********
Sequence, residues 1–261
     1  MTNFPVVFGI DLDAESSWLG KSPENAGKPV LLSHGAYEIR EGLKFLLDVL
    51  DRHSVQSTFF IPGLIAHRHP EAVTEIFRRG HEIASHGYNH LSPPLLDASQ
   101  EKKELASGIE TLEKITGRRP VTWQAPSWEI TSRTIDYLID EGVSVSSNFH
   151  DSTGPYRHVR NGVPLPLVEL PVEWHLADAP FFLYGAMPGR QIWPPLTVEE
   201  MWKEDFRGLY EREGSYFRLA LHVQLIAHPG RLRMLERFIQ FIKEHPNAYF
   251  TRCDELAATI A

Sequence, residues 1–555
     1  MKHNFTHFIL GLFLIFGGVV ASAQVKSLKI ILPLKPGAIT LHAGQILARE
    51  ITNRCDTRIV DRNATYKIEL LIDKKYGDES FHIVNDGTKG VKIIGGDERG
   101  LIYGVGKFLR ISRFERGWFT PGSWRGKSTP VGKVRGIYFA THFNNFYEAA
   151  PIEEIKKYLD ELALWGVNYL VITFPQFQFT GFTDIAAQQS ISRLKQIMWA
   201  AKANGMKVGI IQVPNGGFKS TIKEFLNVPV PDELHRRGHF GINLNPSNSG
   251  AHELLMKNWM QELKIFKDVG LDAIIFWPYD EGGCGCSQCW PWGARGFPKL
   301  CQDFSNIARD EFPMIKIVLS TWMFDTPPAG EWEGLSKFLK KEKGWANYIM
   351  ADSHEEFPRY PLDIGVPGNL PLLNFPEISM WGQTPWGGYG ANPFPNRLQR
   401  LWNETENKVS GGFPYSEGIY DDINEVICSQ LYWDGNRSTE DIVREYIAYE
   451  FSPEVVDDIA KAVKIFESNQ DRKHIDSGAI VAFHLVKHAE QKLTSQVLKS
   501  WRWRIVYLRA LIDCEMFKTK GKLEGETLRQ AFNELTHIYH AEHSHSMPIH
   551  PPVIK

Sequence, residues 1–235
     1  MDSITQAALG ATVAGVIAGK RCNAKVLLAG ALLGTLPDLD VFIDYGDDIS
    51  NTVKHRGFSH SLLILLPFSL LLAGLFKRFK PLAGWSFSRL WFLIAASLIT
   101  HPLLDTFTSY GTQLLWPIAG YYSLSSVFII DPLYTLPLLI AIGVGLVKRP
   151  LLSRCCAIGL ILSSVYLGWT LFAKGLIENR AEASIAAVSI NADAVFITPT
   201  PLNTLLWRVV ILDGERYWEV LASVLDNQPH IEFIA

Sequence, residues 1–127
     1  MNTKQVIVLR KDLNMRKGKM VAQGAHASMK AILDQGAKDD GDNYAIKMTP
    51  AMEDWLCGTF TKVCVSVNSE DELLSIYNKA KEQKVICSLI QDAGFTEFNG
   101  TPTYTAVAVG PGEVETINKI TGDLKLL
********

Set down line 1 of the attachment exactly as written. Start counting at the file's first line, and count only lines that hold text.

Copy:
Sequence, residues 1–261